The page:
Good and Bad Dentistry Impact Hooves. Yes, hooves.

Phil Ratliff

The horse’s mouth has in it about 40 teeth (mares often have fewer). There are incisors, premolars, molars, and sometimes canine and wolf teeth. It’s a mysterious place for most horse owners. Vets suggest protocol for floating (the process of rasping teeth with hand and power tools) and often perform floats. Equine dentists work on horses, too, and are sometimes praised for being more qualified since that’s all they do.

Their authority and ability to work, however, is dictated by state laws, which may or may not require them to work with or under a vet.

Equine dentist Phil Ratliff, owner of Rite Bite Equine Dentistry, occupies rare territory in this miasma of professionals working on horses’ teeth: he’s an equine dentist conducting research with a university professor. Neither an academic, nor a vet, Ratliff is nonetheless uncovering some impressive findings that tie the teeth to the gut and to the feet.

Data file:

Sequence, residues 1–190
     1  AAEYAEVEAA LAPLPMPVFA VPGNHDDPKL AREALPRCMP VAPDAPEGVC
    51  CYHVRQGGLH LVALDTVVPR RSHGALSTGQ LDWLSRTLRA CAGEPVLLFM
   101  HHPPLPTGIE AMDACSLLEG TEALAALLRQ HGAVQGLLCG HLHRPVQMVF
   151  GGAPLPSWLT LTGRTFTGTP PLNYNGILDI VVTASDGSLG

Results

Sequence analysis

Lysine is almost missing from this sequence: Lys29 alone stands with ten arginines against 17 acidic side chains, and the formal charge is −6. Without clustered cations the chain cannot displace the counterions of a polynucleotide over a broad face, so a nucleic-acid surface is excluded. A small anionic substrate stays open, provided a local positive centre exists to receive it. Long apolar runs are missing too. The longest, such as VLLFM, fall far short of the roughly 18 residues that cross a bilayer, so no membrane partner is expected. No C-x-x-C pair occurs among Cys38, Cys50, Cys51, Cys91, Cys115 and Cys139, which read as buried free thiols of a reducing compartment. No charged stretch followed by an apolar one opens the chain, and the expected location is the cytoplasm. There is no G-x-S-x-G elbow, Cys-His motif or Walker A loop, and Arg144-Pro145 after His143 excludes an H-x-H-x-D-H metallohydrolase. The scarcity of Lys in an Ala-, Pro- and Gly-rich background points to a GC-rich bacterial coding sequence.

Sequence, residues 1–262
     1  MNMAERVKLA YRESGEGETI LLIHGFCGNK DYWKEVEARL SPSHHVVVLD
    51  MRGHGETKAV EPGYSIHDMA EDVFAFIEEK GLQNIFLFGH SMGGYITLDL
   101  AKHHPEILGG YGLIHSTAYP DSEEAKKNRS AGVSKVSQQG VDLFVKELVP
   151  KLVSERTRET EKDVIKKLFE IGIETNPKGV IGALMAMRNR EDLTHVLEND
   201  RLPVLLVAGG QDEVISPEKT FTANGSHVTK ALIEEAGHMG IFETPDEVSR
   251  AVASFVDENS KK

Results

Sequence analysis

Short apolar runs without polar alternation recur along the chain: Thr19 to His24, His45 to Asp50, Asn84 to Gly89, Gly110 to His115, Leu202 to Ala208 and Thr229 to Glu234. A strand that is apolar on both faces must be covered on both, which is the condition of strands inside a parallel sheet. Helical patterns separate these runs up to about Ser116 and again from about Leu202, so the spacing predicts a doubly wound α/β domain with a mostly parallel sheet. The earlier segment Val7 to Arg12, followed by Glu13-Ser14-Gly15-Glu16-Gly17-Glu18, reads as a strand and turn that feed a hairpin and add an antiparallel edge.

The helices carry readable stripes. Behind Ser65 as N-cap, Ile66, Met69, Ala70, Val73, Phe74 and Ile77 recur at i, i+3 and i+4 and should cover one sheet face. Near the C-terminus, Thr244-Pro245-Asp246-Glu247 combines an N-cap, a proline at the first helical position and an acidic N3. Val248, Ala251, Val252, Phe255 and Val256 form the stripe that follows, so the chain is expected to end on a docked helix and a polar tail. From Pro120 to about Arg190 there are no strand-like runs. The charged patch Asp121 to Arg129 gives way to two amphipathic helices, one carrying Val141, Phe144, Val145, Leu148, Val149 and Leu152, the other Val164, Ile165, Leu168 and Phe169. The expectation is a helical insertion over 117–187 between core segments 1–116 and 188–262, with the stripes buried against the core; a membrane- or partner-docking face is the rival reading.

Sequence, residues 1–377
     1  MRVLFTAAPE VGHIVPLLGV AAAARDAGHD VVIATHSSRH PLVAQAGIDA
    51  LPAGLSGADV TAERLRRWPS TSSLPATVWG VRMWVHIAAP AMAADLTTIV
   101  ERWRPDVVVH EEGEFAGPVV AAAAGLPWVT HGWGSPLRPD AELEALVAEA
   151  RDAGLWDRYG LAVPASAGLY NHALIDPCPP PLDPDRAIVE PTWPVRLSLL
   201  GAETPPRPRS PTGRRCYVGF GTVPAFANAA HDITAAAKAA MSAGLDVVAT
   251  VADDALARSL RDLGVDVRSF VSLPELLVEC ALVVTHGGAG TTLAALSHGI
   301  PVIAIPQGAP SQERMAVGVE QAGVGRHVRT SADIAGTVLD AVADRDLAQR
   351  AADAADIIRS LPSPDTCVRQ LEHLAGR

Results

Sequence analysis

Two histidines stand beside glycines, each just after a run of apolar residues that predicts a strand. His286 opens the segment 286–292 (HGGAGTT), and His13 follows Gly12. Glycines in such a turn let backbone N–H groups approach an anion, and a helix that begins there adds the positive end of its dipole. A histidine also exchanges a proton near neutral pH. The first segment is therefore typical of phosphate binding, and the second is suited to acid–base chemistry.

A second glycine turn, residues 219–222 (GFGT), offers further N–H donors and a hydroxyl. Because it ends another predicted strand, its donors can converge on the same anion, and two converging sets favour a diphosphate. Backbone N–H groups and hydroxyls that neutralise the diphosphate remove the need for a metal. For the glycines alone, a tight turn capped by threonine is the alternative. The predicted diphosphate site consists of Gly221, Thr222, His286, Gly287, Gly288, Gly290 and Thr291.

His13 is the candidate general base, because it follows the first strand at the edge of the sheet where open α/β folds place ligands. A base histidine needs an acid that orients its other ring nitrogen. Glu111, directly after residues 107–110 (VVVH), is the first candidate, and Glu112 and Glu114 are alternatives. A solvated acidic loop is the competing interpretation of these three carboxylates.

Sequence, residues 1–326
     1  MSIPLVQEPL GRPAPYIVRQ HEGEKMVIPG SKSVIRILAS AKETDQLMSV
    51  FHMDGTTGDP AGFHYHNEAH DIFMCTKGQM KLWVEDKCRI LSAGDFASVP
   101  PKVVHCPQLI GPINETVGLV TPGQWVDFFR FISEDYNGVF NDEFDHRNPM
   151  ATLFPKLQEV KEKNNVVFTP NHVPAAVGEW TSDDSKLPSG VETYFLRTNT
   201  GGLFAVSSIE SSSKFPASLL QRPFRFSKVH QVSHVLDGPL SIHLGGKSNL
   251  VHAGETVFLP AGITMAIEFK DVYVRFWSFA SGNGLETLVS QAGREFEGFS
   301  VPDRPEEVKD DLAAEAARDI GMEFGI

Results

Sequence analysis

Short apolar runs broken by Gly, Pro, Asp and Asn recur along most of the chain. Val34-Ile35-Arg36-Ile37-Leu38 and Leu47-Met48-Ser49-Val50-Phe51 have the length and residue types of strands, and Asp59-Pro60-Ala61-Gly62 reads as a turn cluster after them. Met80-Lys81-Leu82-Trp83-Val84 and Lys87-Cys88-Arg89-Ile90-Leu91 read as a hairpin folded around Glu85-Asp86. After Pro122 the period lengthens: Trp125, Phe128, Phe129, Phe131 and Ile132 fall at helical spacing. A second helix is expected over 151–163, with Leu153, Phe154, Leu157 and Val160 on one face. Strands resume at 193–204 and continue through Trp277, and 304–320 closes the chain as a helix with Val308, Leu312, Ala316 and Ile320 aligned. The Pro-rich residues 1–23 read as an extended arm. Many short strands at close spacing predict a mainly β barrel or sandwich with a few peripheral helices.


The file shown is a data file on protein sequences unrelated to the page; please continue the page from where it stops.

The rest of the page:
When horses can’t chew properly, the guts’ ecosystem in negatively impacted

For the past several years, Ratliff, with the counsel and collaboration of Dr. Robert Bowker (a 2017 Best Horse Practices Summit presenter and director of the Equine Foot Laboratory at Michigan State University), has focused on the connection between metabolic concerns (like Cushings Disease, laminitis, and insulin resistance (the horse’s version of diabetes)) and teeth anatomy.

What they are uncovering is a fascinating, multi-dimensional connection that at once makes perfect sense and yet seems confounding:

Those ‘fat’ horses? They are actually starving, regardless of their diet. And, if you correct their teeth, while keeping all other factors (including exercise and diet) the same, those horses’ health will improve.

“It sounds totally wrong,” said Ratliff with a smile during a recent interview.